In Krakow the hostel had been a chaotic, strange place. Dormitories were filled with long-term Australian residents who vetted a new arrival like me. They seemed unwilling or unable to move on. One especially odd individual had purchased some website domain names he was sure would make him his fortune with no effort on this part at all. The rooms were musty and the corridors echoed with noise day and night. Krakow was that kind of magic backpacker town. Like Prague a few years before, it was somewhere the world’s budget travelers came to drink and dance, as carefree as the thousand of students who had piled in at the same time I’d arrived. On my first day I sat in the huge main square and stared happily at this parade of youthful optimism laughing its way around the city. What a joyful place this was. At night it revved up a notch further, if my one night out with an awkward international group was anything to go by. It was made stranger that the day trip of choice here was to Auschwitz, arguably the one place you’re least likely to feel like going and and having fun after visiting. For those studying here, or remaining here for indeterminate period as their funds eked away of course, that didn’t apply.

Warsaw was a different proposition. On first arriving, late at night, I checked into a room which was part of a sports complex, utterly alone. I fled early the next morning, buying an astonishingly cheap week’s rail pass and boarding the first train to Gdansk. I was eager to begin traveling so didn’t linger in Warsaw, saving it for the end of the trip.

Then again, I had reckoned without my own plans taking me through Warsaw Central station twice more, once on the way south, to Krakow, Zakopane and the Tatras, and once on the way back to fly home. On each occasion I found the station as fearsome as when I’d first passed by. From outside, a concrete monolith planted by one of the vast boulevards I’d imagined were carved from the wreckage of WW2 that looked neither promising nor romantic. I love lingering at stations, from Barcelona Franca to Prague Hlavni, but all there was to do here was struggle to find a platform and flee the incessant smell of urine. Later, when writing for the Observer (yes, I once wrote once a week for the Observer, I did, and I shall not forget the odd mix of terror and excitement of my views and advice being published every seven days) I ventured forth my view that WC was not nice. I received several letters chiding me, and reminding me that Warsaw was raised to the ground and the station was all they could afford. I felt bad and never wrote another critical word. After all, stations are essentially functional and plenty of people love modernism and brutalism. Sorry Warsaw Central. I have recently learnt that this, too, was incorrect. In fact the station was designed to be something of a bold statement of intent for communist Poland, but a scheduled visit from Leonid Brezhnev has forced cutbacks that led to the station ending up in its current state. So I claim some deliverance from my earlier shame.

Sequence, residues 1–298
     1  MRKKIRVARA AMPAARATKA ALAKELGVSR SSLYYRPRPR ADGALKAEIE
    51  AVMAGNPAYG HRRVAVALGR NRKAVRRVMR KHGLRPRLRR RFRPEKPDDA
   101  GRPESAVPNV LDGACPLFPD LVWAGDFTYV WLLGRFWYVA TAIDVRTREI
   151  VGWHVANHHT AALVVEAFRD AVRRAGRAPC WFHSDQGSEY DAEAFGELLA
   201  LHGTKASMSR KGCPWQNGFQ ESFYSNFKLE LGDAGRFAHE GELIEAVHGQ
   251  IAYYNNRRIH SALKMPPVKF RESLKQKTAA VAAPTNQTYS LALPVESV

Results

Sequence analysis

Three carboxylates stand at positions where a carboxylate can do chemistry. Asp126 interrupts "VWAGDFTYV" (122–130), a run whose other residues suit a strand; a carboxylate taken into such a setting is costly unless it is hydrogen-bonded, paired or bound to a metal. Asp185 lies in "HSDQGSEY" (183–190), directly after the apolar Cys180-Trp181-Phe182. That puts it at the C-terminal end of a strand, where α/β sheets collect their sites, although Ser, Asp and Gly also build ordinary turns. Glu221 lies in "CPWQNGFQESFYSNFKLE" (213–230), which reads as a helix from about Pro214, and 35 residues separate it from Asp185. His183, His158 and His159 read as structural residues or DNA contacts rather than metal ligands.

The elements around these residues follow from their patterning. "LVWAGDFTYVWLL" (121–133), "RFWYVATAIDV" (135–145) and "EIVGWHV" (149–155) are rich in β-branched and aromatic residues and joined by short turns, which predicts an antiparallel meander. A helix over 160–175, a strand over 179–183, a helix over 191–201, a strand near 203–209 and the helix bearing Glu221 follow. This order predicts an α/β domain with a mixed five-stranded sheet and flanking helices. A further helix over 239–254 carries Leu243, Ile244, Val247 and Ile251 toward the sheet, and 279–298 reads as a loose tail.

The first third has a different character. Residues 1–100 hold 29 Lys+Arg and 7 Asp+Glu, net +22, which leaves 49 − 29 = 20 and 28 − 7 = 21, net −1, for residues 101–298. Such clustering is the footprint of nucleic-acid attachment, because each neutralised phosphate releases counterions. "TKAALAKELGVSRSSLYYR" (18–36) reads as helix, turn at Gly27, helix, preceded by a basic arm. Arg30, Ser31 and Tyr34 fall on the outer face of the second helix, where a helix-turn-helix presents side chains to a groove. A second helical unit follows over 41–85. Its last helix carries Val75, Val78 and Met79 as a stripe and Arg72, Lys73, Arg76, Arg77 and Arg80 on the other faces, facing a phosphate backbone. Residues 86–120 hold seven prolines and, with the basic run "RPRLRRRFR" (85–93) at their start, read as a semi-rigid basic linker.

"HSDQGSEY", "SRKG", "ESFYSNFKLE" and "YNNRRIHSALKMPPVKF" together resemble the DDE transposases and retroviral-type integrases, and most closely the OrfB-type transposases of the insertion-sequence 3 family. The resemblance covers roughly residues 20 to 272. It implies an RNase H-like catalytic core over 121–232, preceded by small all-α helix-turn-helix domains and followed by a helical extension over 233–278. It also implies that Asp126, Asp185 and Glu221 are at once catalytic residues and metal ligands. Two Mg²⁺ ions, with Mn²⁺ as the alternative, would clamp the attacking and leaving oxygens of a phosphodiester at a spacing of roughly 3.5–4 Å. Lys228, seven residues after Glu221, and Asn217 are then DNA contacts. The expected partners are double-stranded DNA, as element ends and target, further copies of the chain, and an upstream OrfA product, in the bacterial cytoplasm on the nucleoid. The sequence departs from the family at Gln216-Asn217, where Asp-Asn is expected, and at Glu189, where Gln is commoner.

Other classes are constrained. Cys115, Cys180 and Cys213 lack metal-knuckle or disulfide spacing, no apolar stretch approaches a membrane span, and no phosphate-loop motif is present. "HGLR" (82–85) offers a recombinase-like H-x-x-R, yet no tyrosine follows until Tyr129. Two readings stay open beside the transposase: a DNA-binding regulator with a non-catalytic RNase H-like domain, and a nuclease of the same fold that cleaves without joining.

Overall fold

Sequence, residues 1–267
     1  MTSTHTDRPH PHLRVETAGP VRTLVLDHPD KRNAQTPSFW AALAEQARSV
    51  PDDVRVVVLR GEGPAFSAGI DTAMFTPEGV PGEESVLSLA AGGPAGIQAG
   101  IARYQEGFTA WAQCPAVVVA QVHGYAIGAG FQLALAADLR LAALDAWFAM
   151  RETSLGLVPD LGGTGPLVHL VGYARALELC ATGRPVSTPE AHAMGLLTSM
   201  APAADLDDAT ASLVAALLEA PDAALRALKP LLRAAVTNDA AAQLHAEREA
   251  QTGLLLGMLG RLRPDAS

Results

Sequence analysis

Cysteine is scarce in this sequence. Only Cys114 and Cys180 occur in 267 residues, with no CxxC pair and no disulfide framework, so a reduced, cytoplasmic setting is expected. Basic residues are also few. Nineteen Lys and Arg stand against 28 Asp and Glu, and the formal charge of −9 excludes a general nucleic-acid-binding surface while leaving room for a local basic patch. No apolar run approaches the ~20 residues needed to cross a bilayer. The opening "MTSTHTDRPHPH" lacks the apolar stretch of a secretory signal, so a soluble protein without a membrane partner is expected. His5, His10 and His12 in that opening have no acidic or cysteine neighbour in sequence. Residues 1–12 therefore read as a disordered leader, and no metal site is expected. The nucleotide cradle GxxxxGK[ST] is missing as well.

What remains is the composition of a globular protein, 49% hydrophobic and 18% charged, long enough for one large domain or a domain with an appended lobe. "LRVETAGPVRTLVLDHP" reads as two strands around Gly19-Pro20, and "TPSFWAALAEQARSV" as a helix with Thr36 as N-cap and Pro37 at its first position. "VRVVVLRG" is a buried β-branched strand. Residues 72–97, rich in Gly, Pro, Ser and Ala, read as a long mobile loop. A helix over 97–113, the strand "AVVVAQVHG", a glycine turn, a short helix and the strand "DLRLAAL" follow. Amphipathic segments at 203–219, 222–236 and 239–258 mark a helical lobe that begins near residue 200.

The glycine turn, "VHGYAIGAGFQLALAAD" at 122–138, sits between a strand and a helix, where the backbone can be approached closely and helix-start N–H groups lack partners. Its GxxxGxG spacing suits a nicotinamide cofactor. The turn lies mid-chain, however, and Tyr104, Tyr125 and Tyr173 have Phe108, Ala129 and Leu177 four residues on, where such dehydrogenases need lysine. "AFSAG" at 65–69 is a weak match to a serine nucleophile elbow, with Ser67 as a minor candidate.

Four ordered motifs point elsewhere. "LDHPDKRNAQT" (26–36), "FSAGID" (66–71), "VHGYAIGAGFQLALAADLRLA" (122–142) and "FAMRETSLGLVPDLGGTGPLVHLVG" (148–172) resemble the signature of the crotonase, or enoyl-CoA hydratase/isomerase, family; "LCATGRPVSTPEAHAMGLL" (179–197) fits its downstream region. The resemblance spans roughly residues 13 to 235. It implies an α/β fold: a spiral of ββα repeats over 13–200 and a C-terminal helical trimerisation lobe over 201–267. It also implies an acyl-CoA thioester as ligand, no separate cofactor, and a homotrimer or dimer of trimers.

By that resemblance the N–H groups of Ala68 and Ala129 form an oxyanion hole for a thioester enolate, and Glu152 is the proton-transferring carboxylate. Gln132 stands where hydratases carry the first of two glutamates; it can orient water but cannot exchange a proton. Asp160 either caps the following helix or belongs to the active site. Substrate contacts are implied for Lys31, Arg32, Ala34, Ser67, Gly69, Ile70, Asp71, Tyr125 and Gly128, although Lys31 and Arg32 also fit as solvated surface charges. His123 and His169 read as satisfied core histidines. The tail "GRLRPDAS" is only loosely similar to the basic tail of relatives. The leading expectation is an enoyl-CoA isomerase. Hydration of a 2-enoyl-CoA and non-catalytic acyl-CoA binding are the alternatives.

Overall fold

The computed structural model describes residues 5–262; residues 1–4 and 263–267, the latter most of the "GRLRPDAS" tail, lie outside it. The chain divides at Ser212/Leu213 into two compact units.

The station has, I gather, been spruced up for the European Championships a few years ago. Some people call it a classic. So maybe it too has achieved salvation.

Either way, when exploring Warsaw I didn’t hang out at the station. I did after the oddities encountered in Krakow give the main hostel another go. Hostelling International places aren’t generally the party places. I pitched up during a rainy night either this century or at the end of the last. After one of the rubbish dinners my travels are famous – pace the city in increasing agony at being unable to settle for somewhere, then plump for something foul and unhealthy that doesn’t involve interacting with a waiter – I’d retreated to the kitchen area. The whole place was silent, and accessed by a staircase above some shops. There were no staff there and few guests, and I expected to have the place to myself. Slowly the room filled up. First with a small group of Aussies, who invited me to join their card game provided I brought along my transistor radio and stuck some much on, and a group of Russian young men who plonked themselves down next to us and proceeded to drink. They passed a bottle round and did shots from it, and occasionally offered everyone else some, which I politely declined. The evening wore on in this fashion, with an increasingly absorbing card game and easy patter punctuated by drunken shouts from the next table. At one stage the cheesy Polish pop on the radio (the phrase tickled my Australian companions, which I found flattering that they noticed) gave way to Kylie Minogue’s ‘Can’t Get You Out of My Head’ which sent our companions into a frenzy of almost Viking-style chanting and banging the table, roaring ‘Kylie! Kylie! Kylie!’. This also went on for some time. At some forgotten point I ambled off to bed, and the next morning flew home. Warsaw, too, was wonderful in its own way.